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Should the GOP Push to Lower the Drinking Age


1.How the Vietnam War Redefined Adulthood
Photo credit: shannonpatrick17 / Flickr

Prior to Prohibition, only a handful of states actually had laws concerning the age, sale and consumption of alcoholic beverages. Almost any regulation of alcohol consumption would have been difficult, if not impossible, to introduce during the American agricultural age because alcoholic beverages were widely produced in the homes.

Prohibition was largely the result of the expanded commercial production of alcohol and the resulting increased availability. When Prohibition ended in the year 1933, most states chose to restrict alcohol sales to those over 21 years of age.

How the Vietnam War Redefined Adulthood

According to a Boston University series exploring issues revolving around student drinking, many states began to lower the drinking age several years after the Vietnam war had caused American citizens to question the fairness of expecting 18 year olds to fight in a war while not granting them full rights as adults.

President Nixon signed legislation into law in July of 1971 that granted 18 year olds the right to vote in American elections. Democracy Day reports that the 26th Amendment passed faster than any other constitutional Amendment in the history of the country. Moreover, the amendment was ratified just in time for the presidential elections, and Richard Nixon won by a landslide.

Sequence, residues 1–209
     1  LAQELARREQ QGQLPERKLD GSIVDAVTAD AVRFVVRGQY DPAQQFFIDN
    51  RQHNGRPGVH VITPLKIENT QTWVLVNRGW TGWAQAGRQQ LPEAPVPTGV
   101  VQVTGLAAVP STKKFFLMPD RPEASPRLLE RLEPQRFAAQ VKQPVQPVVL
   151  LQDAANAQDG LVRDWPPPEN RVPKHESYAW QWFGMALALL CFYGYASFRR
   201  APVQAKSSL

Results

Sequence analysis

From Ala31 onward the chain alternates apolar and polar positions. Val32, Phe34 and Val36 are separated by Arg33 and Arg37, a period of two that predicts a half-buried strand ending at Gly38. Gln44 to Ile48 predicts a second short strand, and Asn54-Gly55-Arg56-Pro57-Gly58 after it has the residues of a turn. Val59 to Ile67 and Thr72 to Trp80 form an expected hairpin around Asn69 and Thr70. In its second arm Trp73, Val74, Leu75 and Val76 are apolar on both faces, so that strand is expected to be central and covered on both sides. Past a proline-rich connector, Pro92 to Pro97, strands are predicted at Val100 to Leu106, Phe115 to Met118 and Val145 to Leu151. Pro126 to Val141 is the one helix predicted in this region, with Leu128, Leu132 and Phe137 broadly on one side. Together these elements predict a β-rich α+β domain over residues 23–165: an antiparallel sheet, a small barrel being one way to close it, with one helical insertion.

Will Lowering the Drinking Age Help Republican Candidates at the Polls

On July 17, 1984, the National Minimum Drinking Age Act of 1984 was passed into law by Congress. The act restricted federal highway funding for states that allowed those under the age of 21 to legally purchase alcohol.

It’s no secret that Republicans have been losing ground at the polls in many parts of the country in recent years, and some political strategists are wondering if a strong showing of support for lowering the drinking age will be effective in gaining the younger vote.

What the Experts Say

According to Ruth C. Engs, an Indiana University professor in Applied Health Sciences, a lowered drinking age would be beneficial in introducing young adults to the consumption of alcoholic beverages in a more sane and more civilized manner.

Engs believes that adopting a more European approach to alcohol would result in increasingly realistic and responsible attitudes concerning alcohol consumption, that would ultimately lead to fewer alcohol related deaths, illnesses, and social problems.

On the other hand, anyone who decides to get behind the cause of lowering the drinking age is going to have a hard sell on their hands. Laura Dean-Mooney of the U.S. News and World Report wrote that alcohol related vehicular deaths have been cut in half since sales prohibiting those under 21 from purchasing alcohol became the law of the land. The powerful lobbying group Mothers Against Drunk Driving (MADD) has proven to be a formidable opponent in issues regarding lowering the drinking age.

What the Polls Say

According to Hot Air, a political think tank, recent polls show that the American public in general isn’t supportive of lowering the drinking age, including those targeted. In a Gallup poll taken in the year 2010, more than a half of the young adults polled were against any decrease in the drinking age.

Lowering the drinking age probably isn’t the strategy that the GOP needs in order to nourish and retain the loyalty of that elusive younger voting bloc. Republicans also risk alienating older voters, if they should decided to adopt this strategy. There may be some valid reasons for rethinking our cultural approach to the consumption of alcohol, but buying votes isn’t one of them.

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